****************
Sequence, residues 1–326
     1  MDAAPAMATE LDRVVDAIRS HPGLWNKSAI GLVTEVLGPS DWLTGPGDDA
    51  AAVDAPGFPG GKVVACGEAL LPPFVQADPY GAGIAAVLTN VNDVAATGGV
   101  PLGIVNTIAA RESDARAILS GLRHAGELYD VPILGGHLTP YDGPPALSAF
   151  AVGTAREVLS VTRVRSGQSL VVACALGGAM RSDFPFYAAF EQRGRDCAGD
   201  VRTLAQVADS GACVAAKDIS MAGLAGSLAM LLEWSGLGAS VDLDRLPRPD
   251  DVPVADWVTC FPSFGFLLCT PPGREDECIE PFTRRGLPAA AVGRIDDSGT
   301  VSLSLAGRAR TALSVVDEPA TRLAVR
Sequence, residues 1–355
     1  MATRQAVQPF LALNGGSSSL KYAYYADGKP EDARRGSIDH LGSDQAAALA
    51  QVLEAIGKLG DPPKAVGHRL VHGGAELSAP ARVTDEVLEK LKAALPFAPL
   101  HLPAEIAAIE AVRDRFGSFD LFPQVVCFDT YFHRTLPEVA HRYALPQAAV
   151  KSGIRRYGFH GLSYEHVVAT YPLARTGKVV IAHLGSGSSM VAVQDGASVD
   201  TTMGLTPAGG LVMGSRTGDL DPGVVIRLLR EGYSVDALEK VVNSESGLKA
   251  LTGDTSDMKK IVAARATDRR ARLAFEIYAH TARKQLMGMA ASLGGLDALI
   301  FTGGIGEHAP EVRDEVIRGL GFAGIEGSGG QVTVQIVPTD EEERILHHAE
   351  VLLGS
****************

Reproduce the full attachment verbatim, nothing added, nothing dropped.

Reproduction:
Sequence, residues 1–326
     1  MDAAPAMATE LDRVVDAIRS HPGLWNKSAI GLVTEVLGPS DWLTGPGDDA
    51  AAVDAPGFPG GKVVACGEAL LPPFVQADPY GAGIAAVLTN VNDVAATGGV
   101  PLGIVNTIAA RESDARAILS GLRHAGELYD VPILGGHLTP YDGPPALSAF
   151  AVGTAREVLS VTRVRSGQSL VVACALGGAM RSDFPFYAAF EQRGRDCAGD
   201  VRTLAQVADS GACVAAKDIS MAGLAGSLAM LLEWSGLGAS VDLDRLPRPD
   251  DVPVADWVTC FPSFGFLLCT PPGREDECIE PFTRRGLPAA AVGRIDDSGT
   301  VSLSLAGRAR TALSVVDEPA TRLAVR
Sequence, residues 1–355
     1  MATRQAVQPF LALNGGSSSL KYAYYADGKP EDARRGSIDH LGSDQAAALA
    51  QVLEAIGKLG DPPKAVGHRL VHGGAELSAP ARVTDEVLEK LKAALPFAPL
   101  HLPAEIAAIE AVRDRFGSFD LFPQVVCFDT YFHRTLPEVA HRYALPQAAV
   151  KSGIRRYGFH GLSYEHVVAT YPLARTGKVV IAHLGSGSSM VAVQDGASVD
   201  TTMGLTPAGG LVMGSRTGDL DPGVVIRLLR EGYSVDALEK VVNSESGLKA
   251  LTGDTSDMKK IVAARATDRR ARLAFEIYAH TARKQLMGMA ASLGGLDALI
   301  FTGGIGEHAP EVRDEVIRGL GFAGIEGSGG QVTVQIVPTD EEERILHHAE
   351  VLLGS